I FIRST joined Nickel Asia Corporation and the mining industry in 2012 after spending 14 years helping to sell “sugared water.” Those 14 years exposed me to the power of communication in the form of advertising and programs and day-to -day relationship building – with consumers, with customers and communities. The daily attention to these efforts explain, I guess, why the brand I worked for is considered one of the most valuable and most recognizable brands in the world today, and has been for years.
My first week at NAC was a week of orientation and an important part of it was visiting a mine site for the first time in my life.
I will never forget the experience of walking through a forested area in Rio Tuba in Bataraza, Palawan and asking Dr. Bibiano Ranes, our mine rehab guru, “When are you going to mine this?” Only to be surprised by his answer “This was a mined out area.”
I was floored. “Why,” I asked him, “don’t we know about this in Manila?” What I meant was – why didn’t they tell us in Manila (who know almost nothing about mining except what we are told by media – and which is usually negative) that miners can and do create forests after they’ve done the mining part?
I used to say that in my old company, we would build schools in the remote areas, but we would also take out print ads and even make a TVC broadcasting to the world the good that we do.
In contrast, you have miners who have been doing good things for decades… but who keep things to themselves.
And this is so true of the Big Three of Philippine mining: Benguet. Philex. Lepanto even.
Long before the term “corporate social responsibility” had been coined, these pillars of the mining industry in the Philippines had been living corporate social responsibility. Long before SDMP was even conceptualized as a formal program, these “legends” were already undertaking such programs.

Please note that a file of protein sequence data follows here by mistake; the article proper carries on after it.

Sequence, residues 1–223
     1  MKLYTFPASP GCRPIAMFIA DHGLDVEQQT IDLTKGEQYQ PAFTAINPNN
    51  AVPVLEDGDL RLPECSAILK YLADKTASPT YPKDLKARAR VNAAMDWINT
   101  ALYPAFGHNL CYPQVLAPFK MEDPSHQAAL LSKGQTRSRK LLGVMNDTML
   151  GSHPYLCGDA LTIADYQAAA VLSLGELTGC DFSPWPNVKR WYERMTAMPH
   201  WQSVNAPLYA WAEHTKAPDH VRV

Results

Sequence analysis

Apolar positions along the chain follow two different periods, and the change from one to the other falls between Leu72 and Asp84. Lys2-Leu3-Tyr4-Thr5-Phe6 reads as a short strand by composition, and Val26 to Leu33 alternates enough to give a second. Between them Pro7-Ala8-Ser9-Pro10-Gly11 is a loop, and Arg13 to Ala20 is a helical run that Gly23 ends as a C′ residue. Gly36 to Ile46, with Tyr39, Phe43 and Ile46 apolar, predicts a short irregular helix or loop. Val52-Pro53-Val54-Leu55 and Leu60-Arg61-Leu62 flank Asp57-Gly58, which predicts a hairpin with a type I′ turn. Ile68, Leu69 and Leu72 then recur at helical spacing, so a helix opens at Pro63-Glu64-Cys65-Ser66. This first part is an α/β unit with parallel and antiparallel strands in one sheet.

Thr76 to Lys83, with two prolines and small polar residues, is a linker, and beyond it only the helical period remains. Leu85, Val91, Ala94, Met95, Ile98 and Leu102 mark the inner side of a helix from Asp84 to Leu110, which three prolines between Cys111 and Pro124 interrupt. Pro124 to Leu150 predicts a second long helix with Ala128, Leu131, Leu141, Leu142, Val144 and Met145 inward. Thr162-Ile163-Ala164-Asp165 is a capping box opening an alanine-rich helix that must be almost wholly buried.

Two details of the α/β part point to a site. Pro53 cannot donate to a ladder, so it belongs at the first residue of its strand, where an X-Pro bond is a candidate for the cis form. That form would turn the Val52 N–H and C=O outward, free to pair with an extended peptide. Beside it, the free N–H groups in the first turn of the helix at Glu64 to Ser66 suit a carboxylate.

Yet the public was generally unaware.
I suppose, speaking frankly, there were three reasons, tied together.
First: in 1900 BC, or 1930 BC, or even 1970 BC – where BC means “before cellphones” – mining operations happening in remote areas were far from the public consciousness. Good things and yes, bad things, could happen and no one will be aware – like a tree falling in the forest and no one hears it.
And because no one hears it media doesn’t take it up, in the ‘media era I call BT (or Before Ted).
Oh… and by the way guess what – the big mining conglomerates also owned the big media outfits – TV stations, newspapers and the powerful radio stations that people outside urban areas tune in to.
And finally, of course, the big conglomerates were always close to the powers-that-be.
Take these three together — and add the fact that mining companies never sell anything to the general public — and you have the perfect reasons to not spend much on communicating about your product or your brand.
But times have changed. The power of mass media has been equaled if not surpassed by the cellphone and social media where any single individual can become a broadcaster and any incident can be magnified a million times – properly or otherwise.
Everyone is a commentator and anyone with an agenda can easily fan the flames with a picture and a comment and one or two likes and shares to begin with.
The inter-connectivity of the world has made us feel that the problem of others is ours too – or will be ours soon — or is happening because of our fault. So the desire to be a warrior for good is also magnified and you have citizens who are now warriors for so many causes.
But sometimes good intentions are the worst motivations for actions.
As for regulators? It is easy for them to get swamped with comments and criticisms and protests not just from local communities but from around the world and because governments can fall when people gather, it is not surprising that people in government can become overly sensitive to the smallest protests. Leading sometimes to wildly fluctuating decision-making that can also be irrational at times. Remember how ALL school field trips were banned for one year because one bus figured in an accident?
So what should the mining community – regulators as well as operators — do?
Alvin Toffler, the American sociologist and futurist, already told us in his book “The Third Wave” that Information is the “source of power” of the future. That was 1980.
Almost four decades later, it is clear. We have no choice but to wade in. So the effort by the MGB and the DENR to launch the #MineResponsibility campaign and tell the rest of the world what mining is all about is the right thing to do — even if it is almost 40 years late.